Tuesday, September 23, 2014

Culture Night @ The Irish Writers' Centre

Culture Night happens once a year in Dublin - museums and cultural attractions stay open late, run cool events and everything is free. It's one of my favourite nights of the year. The streets have a real carnival atmosphere, but unusually for Dublin, almost everyone is sober. Except for that guy who is yelling (in Dublin, there is almost always a guy who is yelling, especially if you're on O'Connell Street).

This year it rained, so I spent less time wandering the streets aimlessly thinking happy thoughts, and more time closeted away consuming sugar. I hit the city centre at 7.30, registered for the Open Mic at the Irish Writers' Centre, then grabbed dinner and squeezed in a visit to the Dublin Writers' Museum (next door to the IWC) and the Hugh Lane Gallery before heading back to listen to the other readers and sweat quietly until it was my turn.

The Dublin Writers' Museum

Poet Dave Lordan was MC for the night and there was an interesting range of material  - stand up comedy about materialistic fish, a Gothic short story about an abduction and murder in 1970s America, poetry and prose. One attendee read a piece from his friend's novel - his friend is an American Hibernophile who was apparently thrilled to think his work had been read in Ireland. Louise Phillips read from her newly released thriller, Last Kiss, which features a female serial killer with a . . . unique take on the world.

Then there was me. I read the following piece, which is the intro to a novel I'm working on called The Soldiers of Bruges (STATUS: first draft finished, second draft looking less fun than root canal).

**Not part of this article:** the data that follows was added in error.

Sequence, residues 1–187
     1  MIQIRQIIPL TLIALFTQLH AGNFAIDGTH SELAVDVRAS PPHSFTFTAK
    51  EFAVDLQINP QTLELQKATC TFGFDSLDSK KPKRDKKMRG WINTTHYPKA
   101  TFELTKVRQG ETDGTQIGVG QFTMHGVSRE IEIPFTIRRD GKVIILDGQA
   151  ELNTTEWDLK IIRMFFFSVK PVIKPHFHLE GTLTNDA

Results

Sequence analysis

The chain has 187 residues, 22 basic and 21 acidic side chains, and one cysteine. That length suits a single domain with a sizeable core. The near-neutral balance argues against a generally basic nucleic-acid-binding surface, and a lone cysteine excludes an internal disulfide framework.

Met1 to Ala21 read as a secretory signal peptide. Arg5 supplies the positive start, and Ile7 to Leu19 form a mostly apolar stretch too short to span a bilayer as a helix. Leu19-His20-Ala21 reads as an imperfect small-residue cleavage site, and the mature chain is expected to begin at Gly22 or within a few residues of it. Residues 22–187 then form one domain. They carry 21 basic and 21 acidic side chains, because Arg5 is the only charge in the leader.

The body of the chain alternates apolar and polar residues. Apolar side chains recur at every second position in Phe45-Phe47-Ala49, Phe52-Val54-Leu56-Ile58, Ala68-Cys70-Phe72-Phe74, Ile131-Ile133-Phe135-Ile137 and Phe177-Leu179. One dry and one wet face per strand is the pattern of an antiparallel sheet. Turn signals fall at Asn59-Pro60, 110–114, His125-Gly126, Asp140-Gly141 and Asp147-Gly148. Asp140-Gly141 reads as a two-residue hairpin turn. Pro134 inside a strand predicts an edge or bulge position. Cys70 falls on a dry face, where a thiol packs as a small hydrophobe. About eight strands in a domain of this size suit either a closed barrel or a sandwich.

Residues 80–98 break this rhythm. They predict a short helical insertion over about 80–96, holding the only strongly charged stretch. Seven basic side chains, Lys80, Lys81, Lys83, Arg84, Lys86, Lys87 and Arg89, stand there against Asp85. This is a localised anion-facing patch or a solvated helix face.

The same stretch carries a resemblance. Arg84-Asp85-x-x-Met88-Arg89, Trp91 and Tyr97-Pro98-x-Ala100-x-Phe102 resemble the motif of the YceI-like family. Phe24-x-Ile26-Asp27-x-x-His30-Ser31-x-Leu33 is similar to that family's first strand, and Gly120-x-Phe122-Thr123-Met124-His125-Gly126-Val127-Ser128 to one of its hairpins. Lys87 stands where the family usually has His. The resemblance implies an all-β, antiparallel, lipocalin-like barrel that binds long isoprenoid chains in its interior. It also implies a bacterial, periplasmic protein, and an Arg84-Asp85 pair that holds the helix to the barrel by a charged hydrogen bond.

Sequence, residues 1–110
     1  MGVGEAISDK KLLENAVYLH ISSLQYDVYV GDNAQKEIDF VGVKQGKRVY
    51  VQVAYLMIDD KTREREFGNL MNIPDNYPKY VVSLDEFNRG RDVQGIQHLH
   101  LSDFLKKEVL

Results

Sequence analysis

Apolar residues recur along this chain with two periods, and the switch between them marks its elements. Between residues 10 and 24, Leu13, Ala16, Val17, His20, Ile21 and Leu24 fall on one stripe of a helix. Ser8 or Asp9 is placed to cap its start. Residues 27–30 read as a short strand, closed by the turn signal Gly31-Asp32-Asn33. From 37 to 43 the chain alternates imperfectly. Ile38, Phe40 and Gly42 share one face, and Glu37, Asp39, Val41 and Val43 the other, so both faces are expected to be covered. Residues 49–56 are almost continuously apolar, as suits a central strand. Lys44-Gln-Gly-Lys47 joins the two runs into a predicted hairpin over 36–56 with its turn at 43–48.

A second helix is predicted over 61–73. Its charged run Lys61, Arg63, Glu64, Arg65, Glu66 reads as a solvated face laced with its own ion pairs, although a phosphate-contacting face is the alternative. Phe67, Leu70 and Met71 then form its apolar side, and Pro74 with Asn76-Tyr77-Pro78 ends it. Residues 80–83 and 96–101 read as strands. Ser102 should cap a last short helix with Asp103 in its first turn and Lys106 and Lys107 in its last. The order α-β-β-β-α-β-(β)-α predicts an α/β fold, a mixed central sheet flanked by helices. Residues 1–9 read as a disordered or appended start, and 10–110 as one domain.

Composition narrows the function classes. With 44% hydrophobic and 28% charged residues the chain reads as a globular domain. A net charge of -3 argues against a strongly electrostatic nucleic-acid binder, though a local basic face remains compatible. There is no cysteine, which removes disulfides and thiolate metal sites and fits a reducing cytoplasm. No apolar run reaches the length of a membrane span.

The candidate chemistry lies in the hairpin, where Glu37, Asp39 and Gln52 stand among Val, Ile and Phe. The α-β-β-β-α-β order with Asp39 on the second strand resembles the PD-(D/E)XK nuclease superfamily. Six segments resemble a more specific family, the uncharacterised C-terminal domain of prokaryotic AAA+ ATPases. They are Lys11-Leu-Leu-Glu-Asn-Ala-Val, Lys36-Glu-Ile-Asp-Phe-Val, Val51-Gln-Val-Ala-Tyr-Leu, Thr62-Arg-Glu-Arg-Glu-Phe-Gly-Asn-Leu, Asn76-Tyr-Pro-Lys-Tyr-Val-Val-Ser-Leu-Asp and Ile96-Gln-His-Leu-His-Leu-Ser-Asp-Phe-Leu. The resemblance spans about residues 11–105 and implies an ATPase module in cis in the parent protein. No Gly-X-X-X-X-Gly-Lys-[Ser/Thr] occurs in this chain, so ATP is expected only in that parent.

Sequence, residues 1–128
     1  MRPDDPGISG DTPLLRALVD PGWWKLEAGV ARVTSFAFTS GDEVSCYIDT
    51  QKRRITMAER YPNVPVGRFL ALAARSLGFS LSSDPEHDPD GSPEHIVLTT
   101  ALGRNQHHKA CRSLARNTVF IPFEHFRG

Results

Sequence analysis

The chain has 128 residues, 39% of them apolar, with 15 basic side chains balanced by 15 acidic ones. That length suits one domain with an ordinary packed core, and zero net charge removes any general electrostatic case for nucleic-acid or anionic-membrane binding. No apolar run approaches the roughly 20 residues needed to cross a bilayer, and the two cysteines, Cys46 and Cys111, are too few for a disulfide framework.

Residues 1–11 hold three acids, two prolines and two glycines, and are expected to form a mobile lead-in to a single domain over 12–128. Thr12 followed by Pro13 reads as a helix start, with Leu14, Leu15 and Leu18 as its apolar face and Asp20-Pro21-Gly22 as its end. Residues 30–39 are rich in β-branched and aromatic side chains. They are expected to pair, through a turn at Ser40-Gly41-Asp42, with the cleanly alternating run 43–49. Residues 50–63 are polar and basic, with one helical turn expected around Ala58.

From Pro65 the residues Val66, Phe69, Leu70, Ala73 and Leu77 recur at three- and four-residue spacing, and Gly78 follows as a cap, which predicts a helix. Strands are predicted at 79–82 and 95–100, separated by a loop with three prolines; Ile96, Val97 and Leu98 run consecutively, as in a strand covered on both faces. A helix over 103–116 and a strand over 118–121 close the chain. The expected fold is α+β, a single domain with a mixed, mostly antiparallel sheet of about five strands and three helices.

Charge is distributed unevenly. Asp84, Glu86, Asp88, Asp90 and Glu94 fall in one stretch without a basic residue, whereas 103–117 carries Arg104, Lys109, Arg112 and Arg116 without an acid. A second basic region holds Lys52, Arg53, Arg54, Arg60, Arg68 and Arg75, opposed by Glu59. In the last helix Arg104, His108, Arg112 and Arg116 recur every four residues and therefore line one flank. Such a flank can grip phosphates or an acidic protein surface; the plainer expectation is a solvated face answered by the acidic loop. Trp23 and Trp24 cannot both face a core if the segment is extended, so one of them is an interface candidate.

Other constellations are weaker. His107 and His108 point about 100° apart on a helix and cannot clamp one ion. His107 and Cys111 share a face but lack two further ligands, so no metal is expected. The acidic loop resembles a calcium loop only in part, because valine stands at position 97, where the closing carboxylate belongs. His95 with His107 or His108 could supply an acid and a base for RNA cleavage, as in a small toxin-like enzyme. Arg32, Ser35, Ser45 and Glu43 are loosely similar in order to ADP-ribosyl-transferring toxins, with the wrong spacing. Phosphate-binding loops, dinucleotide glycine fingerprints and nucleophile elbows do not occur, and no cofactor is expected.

Soldiers of Bruges

The best way to explain about my dad is to tell you a story that my brother Luke told me. 

I don’t remember this, but one Sunday in 1997 my Dad made pancakes. When Dad made breakfast, he insisted that he got to choose what everyone watched on TV, so he switched on one of the news channels. Luke didn't remember which one. 

Across the bottom of the screen it said 'Diana, Princess of Wales, dies in Paris car crash'. 

“You should have seen his face, Sasha,” Luke said to me. “He didn’t go white. He went grey.” 

Dad slowly put his knife and fork down and reached for the cordless phone. Luke remembers that he only had to punch one number before the muffled sound of another phone ringing came from the receiver. 

"Michael. . ." Dad said. "Was that us?" 

When he put down the phone, Mum's face had gone all frozen. She did that when she got annoyed – it's one of the things I remember about her. She looked at Dad and said “Well?” in this cold voice she had. 

Dad shook his head. “No,” he said. “It wasn't the Soldiers of Bruges. All signs point to a regular, run-of-the-mill car crash.” 

Luke said Mum's face didn't unfreeze for a little while. Even when she knew the Soldiers of Bruges weren't responsible, the moment of suspicion had been a lot for her to take. She was a big fan of Diana – maybe because she was another woman who married into an impossible dynasty.


  1. Terrific to see you at the IWC and well done on a great reading!

  2. Quite a way to introduce a book to your audience!

    1. Assuming there is a book, if I can fix its many problems in the next draft :)


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